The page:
Inattentional blindness or perceptual blindness is as a psychological lack of attention that is not associated with any defects or deficits. In simple terms, its an event where someone fails to see an unexpected stimulus in plain sight.
It is becoming more and more common while driving due to modern advancements pulling our attention away from the road. As a truck driver, it can happen when you have been driving for long periods of time, lose focus by thinking of other things while driving and or are distracted by something such as your radio.
Distracted driving vs. inattentional blindness
Distracted driving means that a driver is not paying full attention to the single task of driving. This can mean that you are texting, eating or talking on the phone, etc.
Inattentional blindness means that a person is missing critical information even when their eyes are focused on the road ahead. It can happen when you are very focused on only one thing while driving. For example, if you become hyperfocused on reaching a destination or exit, you can miss other things happening around you on the road.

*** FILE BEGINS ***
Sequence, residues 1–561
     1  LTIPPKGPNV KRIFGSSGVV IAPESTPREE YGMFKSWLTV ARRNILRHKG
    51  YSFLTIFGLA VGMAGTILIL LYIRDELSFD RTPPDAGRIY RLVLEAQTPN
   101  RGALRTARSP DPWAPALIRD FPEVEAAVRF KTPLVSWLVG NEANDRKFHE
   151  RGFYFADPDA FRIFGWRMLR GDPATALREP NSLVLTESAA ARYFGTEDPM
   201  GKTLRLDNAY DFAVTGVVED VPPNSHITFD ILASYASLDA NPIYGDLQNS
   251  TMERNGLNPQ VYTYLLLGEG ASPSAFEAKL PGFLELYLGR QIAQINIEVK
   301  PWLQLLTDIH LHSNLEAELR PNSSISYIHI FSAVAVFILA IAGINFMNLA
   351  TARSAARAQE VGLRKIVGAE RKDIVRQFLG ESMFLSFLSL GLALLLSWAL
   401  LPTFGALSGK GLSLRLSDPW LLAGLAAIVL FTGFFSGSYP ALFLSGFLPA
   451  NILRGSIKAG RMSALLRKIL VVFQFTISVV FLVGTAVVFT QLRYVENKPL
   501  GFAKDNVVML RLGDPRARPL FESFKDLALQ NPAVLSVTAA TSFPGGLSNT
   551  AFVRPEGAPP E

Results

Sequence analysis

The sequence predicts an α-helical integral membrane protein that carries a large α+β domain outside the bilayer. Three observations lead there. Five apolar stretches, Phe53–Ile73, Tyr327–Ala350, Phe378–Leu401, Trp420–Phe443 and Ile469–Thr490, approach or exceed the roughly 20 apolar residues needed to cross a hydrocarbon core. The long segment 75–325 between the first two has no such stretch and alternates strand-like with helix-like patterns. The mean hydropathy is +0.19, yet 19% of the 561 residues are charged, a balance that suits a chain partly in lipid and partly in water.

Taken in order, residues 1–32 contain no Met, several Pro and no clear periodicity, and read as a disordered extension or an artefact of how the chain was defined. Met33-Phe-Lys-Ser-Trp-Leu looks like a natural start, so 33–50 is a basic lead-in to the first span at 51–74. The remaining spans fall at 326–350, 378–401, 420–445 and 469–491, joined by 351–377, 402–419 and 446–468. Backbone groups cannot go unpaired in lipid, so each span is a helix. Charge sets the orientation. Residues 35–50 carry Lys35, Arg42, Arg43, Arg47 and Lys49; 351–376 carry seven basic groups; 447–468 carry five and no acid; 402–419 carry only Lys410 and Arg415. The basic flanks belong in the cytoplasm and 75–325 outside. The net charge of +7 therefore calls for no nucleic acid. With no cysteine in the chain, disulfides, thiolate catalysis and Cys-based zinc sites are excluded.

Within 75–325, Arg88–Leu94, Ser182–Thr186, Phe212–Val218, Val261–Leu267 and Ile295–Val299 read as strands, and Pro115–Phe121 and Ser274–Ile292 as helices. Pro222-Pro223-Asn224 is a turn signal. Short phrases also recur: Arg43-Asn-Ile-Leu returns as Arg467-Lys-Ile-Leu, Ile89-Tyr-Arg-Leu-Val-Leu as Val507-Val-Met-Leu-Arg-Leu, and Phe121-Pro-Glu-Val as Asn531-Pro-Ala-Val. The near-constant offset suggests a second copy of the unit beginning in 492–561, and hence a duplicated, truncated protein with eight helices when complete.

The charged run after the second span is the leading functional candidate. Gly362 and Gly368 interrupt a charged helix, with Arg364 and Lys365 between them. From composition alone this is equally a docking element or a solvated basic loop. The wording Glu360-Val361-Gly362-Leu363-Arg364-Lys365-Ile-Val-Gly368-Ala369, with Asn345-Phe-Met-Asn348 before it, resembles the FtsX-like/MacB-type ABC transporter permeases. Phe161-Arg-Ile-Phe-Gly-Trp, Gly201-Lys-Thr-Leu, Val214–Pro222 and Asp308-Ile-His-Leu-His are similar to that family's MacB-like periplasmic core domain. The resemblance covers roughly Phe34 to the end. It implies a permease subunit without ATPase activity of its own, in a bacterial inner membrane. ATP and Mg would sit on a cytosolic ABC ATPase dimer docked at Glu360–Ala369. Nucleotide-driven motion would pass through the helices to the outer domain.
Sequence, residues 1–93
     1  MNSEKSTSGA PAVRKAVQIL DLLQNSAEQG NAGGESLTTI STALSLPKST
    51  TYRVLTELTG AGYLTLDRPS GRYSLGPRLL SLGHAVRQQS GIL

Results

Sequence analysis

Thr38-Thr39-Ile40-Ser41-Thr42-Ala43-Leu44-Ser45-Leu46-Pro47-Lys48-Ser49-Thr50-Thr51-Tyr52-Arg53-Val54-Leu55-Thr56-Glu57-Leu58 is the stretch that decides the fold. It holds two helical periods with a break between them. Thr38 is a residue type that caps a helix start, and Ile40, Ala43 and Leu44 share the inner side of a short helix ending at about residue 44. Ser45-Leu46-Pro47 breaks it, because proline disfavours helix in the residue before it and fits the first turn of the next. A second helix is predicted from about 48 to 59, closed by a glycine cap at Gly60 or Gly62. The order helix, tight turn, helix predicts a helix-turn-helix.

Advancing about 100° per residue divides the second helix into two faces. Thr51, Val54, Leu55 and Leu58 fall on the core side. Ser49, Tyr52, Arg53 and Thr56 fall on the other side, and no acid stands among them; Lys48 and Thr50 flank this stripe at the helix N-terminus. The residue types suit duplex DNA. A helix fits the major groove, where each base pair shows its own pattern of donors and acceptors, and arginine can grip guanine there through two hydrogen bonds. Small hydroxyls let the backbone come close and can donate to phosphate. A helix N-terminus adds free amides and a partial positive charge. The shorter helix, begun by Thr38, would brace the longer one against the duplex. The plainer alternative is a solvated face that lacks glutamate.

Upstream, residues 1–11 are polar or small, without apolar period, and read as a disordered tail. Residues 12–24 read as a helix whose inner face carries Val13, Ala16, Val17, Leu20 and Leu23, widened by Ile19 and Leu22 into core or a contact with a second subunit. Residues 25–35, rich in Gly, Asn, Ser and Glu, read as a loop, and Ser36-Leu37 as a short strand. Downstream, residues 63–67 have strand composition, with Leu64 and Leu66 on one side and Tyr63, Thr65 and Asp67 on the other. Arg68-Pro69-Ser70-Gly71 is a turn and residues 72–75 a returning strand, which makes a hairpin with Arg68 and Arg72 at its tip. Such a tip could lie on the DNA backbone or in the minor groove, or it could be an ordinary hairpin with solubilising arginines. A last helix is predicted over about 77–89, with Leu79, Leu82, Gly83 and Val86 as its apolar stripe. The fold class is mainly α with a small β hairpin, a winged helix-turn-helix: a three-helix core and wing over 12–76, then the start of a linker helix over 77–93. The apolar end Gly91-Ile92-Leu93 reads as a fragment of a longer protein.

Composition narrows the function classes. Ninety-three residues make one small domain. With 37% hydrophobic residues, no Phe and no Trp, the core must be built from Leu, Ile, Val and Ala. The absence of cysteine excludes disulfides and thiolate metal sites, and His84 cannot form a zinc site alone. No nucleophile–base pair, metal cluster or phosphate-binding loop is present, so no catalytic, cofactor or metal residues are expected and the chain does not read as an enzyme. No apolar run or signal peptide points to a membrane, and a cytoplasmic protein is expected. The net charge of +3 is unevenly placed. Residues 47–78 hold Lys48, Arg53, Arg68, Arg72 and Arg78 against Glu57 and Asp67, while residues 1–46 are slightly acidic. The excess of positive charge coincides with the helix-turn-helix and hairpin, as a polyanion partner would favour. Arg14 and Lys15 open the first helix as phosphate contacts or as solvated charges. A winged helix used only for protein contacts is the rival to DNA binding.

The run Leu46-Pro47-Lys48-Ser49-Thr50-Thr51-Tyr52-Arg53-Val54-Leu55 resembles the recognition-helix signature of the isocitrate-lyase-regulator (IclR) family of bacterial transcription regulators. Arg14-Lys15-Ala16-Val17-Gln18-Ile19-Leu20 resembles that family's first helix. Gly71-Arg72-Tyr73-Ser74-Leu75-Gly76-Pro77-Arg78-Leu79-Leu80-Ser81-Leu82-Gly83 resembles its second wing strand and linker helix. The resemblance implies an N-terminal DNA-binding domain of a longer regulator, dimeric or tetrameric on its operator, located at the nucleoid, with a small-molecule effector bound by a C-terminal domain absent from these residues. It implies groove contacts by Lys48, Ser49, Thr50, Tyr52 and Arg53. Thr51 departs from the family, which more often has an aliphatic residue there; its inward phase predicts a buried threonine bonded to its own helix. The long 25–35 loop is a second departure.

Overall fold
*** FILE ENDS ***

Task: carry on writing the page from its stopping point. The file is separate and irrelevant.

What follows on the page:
Watch this video for an example of how inatttentional blindness works.
What can you do to prevent inattentional blindness?
Inattentional blindness can never fully be avoided because our brains are wired to not absorb every single stimulus presented to us. If they were, our brains would be bombarded with information and we would never know what is critical information. However while driving, there are steps you can take to decrease your chances of missing important cues due to inattentional blindness.
3 steps to take to decrease risk of inattentional blindness:
1. Minimize distractions and maximize your attention: Put your cellphone away. Even if you aren't directly texting someone back or browsing the internet while driving, your attention could easily wander if your screen lights up, causing you to miss things while on the road. Also, understand that safety technology in your truck is there to supplement and not replace safe driving. You still have to pay attention in order to remain safe.
2. Look for cues: Road signs often warn of potential hazards but so do your surroundings. Farmland means tractors or animals, forests can mean deer, mountains can mean falling rock and cities can mean more distracted pedestrians. Stay alert and refocus when your surroundings change.
3. Be the professional: As a truck driver, you are the professional on the road. Watch for distracted drivers, pay attention to signals and leave room for those who are not paying as close attention
These tips can help you reduce the changes of looking without seeing.
In the event that you do get into an accident while driving on the job, here are 3 tips to handling accidents at any size.